Spinal cord damage from injury causes long-term disability and can dramatically affect quality of life. The current practice of immobilising trauma patients before hospitalisation to prevent more damage may not always be necessary, as the likelihood of further damage is small. Means of immobilisation include holding the head in the midline, log rolling the person, the use of backboards and special mattresses, cervical collars, sandbags and straps. These can cause tissue pressure and discomfort, difficulty in swallowing and serious breathing problems.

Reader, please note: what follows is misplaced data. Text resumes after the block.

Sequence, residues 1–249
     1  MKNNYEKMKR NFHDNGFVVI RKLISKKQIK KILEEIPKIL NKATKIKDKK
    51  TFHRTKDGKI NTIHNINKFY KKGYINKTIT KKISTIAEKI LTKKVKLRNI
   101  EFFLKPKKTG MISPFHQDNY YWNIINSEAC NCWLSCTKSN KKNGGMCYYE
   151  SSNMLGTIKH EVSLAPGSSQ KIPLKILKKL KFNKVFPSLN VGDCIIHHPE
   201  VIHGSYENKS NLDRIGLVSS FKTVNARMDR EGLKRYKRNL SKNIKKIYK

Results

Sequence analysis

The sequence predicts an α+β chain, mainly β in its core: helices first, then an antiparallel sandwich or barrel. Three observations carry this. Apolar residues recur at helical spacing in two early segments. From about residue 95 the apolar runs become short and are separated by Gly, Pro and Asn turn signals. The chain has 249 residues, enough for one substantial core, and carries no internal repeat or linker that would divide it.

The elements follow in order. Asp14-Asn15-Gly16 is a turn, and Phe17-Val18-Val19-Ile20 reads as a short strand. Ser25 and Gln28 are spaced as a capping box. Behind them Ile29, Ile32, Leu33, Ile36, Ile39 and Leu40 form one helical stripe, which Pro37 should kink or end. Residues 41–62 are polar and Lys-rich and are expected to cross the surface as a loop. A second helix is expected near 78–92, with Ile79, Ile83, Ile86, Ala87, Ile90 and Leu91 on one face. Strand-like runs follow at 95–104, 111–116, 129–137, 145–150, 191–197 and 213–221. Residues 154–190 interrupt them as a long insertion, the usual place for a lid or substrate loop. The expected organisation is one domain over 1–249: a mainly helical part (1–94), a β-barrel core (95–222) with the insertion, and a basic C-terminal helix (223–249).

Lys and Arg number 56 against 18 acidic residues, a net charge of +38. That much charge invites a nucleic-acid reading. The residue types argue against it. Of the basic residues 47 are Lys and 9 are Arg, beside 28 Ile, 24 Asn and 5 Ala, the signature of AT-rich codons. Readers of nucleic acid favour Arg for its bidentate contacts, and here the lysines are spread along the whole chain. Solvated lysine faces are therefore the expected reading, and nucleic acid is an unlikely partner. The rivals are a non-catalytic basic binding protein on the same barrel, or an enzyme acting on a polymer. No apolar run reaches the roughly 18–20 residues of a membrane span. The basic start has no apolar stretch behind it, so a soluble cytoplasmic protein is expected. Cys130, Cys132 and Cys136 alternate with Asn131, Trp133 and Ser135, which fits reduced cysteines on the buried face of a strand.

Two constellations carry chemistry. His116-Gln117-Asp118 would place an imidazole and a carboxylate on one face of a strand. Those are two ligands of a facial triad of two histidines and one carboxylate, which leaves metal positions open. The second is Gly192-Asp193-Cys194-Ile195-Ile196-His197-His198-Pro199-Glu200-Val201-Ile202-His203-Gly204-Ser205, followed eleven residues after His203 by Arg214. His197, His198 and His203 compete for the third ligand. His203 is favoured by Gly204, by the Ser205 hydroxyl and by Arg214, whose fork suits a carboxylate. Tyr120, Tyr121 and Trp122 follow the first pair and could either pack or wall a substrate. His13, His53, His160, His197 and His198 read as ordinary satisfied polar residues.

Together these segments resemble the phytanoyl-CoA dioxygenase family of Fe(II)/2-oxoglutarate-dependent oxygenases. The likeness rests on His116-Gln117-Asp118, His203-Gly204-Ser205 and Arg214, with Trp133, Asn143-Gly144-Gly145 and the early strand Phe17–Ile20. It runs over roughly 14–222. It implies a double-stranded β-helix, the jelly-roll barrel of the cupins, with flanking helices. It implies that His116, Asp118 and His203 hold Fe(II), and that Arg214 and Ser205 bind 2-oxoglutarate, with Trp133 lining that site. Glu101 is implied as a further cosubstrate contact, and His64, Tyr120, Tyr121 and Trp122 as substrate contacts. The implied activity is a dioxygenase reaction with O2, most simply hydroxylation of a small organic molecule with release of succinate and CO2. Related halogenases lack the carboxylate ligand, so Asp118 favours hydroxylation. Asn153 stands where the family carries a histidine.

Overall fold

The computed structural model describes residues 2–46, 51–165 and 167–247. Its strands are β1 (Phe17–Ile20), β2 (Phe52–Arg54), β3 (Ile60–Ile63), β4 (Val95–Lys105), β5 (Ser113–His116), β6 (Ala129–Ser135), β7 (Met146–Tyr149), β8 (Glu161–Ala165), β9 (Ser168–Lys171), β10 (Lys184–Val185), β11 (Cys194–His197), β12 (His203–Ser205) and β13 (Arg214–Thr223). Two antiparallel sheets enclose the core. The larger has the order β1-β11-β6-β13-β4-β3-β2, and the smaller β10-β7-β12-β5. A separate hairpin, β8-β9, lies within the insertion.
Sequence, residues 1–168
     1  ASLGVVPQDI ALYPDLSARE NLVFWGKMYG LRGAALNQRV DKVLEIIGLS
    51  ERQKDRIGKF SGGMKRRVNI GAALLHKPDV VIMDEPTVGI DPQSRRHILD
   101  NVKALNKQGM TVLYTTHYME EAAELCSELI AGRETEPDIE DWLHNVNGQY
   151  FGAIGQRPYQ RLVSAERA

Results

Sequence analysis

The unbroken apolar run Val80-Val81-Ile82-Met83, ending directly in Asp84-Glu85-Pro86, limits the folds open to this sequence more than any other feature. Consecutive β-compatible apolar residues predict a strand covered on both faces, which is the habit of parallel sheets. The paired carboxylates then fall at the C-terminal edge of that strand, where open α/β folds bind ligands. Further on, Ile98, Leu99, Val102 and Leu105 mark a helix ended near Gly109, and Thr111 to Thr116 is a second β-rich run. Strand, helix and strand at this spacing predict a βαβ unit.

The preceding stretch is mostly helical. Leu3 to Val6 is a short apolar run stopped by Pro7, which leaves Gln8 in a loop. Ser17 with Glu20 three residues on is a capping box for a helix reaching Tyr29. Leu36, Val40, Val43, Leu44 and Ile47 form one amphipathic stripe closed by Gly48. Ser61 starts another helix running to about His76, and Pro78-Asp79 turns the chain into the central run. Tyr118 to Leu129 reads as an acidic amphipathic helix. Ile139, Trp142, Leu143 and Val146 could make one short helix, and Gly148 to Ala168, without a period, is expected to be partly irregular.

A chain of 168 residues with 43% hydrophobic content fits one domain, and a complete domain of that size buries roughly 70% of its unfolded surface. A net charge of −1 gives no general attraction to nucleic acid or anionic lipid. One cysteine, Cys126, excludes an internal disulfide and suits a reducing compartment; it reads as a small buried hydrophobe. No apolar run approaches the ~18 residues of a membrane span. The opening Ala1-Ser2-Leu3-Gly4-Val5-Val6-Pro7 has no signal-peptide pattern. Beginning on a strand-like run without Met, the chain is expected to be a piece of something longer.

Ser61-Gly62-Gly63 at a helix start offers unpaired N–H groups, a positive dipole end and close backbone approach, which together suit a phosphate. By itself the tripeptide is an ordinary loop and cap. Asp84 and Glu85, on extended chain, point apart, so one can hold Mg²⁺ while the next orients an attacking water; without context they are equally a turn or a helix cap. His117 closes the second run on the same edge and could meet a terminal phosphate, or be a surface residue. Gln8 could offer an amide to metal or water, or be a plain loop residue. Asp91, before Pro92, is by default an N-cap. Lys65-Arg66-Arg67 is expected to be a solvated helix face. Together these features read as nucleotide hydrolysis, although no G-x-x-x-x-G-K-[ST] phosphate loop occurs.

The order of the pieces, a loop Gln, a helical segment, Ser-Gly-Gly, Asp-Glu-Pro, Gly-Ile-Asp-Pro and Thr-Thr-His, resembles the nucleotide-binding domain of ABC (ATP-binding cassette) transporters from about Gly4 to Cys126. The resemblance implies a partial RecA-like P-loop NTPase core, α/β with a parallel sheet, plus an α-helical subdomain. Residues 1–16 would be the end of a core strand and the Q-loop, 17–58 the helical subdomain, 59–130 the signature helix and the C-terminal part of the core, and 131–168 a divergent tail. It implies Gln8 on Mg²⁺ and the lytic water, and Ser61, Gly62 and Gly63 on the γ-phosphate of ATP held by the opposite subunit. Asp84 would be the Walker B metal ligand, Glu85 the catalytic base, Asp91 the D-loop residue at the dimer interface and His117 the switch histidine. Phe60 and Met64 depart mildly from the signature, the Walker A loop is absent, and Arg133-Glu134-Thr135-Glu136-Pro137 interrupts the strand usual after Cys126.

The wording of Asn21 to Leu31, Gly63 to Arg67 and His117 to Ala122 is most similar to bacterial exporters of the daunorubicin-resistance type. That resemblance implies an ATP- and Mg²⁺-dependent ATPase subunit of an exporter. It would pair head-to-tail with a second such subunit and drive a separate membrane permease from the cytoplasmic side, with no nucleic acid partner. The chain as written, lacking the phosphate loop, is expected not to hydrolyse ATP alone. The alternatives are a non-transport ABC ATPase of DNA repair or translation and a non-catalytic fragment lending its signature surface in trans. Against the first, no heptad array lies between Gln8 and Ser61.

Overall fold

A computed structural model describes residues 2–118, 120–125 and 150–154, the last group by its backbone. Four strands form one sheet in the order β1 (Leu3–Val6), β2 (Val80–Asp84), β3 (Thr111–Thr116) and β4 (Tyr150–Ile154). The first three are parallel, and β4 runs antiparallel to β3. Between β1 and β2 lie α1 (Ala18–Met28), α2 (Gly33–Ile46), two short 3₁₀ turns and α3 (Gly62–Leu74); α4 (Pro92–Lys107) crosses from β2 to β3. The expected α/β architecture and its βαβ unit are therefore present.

The review authors could not find any randomised controlled trials of spinal immobilisation strategies in trauma patients. It is feasible to have trials comparing the different spinal immobilisation strategies. From studies of healthy volunteers it has been suggested that patients who are conscious, might reposition themselves to relieve the discomfort caused by immobilisation, which could theoretically worsen any existing spinal injuries.